Saturday, January 16, 2010

Why Would a Business Say No to Growth?

Why Would a Business Say No to Growth?

Sally Ryan for The New York Times
No pizza for you! The owners of Great Lake have been criticized for their uncompromising approach.

Nick Lessins and Lydia Esparza are the married owners of a Chicago pizza shop, Great Lake, that has received rave reviews, and they made the unconventional business decision not to capitalize on them. In his interview with the owners, Kermit Pattison asked why they choose to have their customers wait for hours rather than hiring more employees and expanding (a decision that has helped spur comparisons to the “Soup Nazi” on “Seinfeld”):

Mr. Pattison: Many business owners would look at your sudden success with envy and say, “Seize the day, expand, add new locations, franchise.” Why not you?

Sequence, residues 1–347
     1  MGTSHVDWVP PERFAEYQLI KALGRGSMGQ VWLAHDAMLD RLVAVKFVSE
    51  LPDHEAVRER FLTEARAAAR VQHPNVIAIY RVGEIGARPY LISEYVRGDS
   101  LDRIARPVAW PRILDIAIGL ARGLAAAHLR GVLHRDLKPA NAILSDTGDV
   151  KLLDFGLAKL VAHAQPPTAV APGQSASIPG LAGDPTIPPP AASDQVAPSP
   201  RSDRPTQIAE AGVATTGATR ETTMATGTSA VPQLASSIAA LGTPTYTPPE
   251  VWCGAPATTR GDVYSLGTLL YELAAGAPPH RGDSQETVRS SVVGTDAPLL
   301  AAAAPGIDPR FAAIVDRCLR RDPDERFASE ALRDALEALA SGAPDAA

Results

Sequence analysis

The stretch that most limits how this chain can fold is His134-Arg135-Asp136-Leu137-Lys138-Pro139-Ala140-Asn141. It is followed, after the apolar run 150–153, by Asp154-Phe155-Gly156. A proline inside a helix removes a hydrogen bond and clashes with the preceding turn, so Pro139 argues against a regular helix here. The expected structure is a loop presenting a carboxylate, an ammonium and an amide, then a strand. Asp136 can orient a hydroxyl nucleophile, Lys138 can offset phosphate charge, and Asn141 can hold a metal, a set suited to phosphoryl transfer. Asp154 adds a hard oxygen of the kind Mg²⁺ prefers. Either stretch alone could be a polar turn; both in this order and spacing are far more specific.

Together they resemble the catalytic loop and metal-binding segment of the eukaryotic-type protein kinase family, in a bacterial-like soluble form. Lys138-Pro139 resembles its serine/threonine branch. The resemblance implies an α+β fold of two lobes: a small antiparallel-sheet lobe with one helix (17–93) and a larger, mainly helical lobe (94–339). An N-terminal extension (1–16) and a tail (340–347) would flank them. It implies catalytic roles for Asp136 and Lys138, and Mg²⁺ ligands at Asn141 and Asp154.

Ms. Esparza: It would change our values. That is the American way — to expand without really thinking.

Mr. Lessins: We really enjoy the work that we’re doing and we don’t want to cheapen it. Consciously or unconsciously — probably both — we’re trying to create a manageable way to earn a living and still maintain our sanity. We value time as much, if not more so, than money.

Is there something wrong with that? If not, why don’t more people make the same choice?


syed hassan raza said...

Maybe small businesses expand so rapidly without thinking due to greed or due to loans offered at extremely low interest rates which encourages firms to take loans. However, when times take turn for the worse, the whole debt driven economy collapses.